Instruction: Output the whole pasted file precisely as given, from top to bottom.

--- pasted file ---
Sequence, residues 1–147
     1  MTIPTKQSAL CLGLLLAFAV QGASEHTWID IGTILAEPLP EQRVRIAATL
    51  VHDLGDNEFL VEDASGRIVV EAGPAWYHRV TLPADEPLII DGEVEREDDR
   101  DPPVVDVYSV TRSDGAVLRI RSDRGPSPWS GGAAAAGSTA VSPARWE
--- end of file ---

Sequence, residues 1–147
     1  MTIPTKQSAL CLGLLLAFAV QGASEHTWID IGTILAEPLP EQRVRIAATL
    51  VHDLGDNEFL VEDASGRIVV EAGPAWYHRV TLPADEPLII DGEVEREDDR
   101  DPPVVDVYSV TRSDGAVLRI RSDRGPSPWS GGAAAAGSTA VSPARWE